A despondent Annie McDee searches a present for an unsuitable man amid a jumble of junk and tack where a grimy painting catches her eye. Little idea of what she has discovered, she finds her drawn into the tumult of London art world where unscrupulous dealers scheme to get their hands on the painting–a lost 18th-century masterpiece called ‘The Improbability of Love’. Annie delves into the painting’s fancied world where she not only uncovers an illustrious list of former owners but also unravels some dark secrets of European history. Adding to it the possibility of falling in love again, Annie’s journey is sweet, witty and irreverent.
7. A Life Discarded: 148 Diaries Found in a Skip, Alexander Masters
Transgressive, original and funny as its subject, Alexander Masters’ third novel begins in 2001, in Cambridge and has all the suspense of a murder mystery. Written with his characteristic warmth, respect and humour, Masters asks you to join him in celebrating an unknown and important life left on the scrap heap. A dairy, actually 148 diaries found in a lot of builders’ rubbish heighten his fantasy to write “the world’s first biography of a nameless subject”. What ensues is eccentric, touching and comical.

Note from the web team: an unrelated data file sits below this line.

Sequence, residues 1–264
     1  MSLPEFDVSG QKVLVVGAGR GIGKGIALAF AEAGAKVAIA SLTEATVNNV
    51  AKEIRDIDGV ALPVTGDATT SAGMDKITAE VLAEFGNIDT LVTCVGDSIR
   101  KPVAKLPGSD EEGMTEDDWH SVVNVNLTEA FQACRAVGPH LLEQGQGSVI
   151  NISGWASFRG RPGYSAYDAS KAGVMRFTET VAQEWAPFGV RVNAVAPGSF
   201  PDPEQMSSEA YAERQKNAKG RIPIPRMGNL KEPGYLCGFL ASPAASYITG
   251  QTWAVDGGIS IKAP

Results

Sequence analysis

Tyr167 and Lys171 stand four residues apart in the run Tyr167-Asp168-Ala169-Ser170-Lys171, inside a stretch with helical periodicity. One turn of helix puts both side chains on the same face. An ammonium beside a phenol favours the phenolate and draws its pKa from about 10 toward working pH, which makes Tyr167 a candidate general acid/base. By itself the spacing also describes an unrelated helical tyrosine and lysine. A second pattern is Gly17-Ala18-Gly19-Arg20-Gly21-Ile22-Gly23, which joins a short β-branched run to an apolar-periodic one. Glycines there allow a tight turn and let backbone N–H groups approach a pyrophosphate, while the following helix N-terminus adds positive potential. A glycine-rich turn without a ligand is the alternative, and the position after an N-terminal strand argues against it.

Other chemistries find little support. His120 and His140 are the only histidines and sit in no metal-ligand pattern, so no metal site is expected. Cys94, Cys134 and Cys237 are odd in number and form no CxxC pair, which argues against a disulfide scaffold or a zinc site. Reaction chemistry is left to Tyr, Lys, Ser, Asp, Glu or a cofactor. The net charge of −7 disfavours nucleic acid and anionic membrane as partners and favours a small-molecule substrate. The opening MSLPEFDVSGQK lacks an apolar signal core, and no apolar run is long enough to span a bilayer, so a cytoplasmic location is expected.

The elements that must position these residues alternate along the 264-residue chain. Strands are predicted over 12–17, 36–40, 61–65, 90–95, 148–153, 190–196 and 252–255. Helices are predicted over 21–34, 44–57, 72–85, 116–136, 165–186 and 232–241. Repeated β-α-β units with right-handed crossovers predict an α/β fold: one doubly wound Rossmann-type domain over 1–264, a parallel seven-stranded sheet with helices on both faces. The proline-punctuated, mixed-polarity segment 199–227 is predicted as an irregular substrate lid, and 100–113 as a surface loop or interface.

“How piteous that it should be thus discarded”.
8. Today Will Be Different, Maria Semple
A brilliant novel from the author of Where’d You Go Bernadette, Today Will Be Different is about a day in the life of Eleanor Flood, forced to abandon her small ambitions and awake to a strange, new future where she learns that sometimes it takes facing up to our former selves to truly begin living.
Eleanor is a mess and she knows it. Today, she will tackle all little things that pester her. “She will shower and get dressed. She will have her poetry and yoga lessons after dropping off her son, Timby. She won’t swear. She will initiate sex with her husband, Joe. But before she can consider putting her modest plan into action-life happens. Today, it turns out, is the day Timby has decided to fake sick to weasel his way into his mother’s company. It’s also the day Joe has chosen to tell his office–but not Eleanor–that he’s on vacation.”
Eleanor is exasperated, it can’t be worse than this. But it is then that she meets a former colleague and a graphic rendition conjures up in her vivid imagination.